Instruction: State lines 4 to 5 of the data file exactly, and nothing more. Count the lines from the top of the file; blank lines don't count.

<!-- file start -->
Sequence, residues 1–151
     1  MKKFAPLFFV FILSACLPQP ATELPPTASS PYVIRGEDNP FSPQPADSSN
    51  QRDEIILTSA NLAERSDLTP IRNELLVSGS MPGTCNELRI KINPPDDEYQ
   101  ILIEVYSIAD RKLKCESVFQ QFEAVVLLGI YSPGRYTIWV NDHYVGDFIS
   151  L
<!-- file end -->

   101  ILIEVYSIAD RKLKCESVFQ QFEAVVLLGI YSPGRYTIWV NDHYVGDFIS
   151  L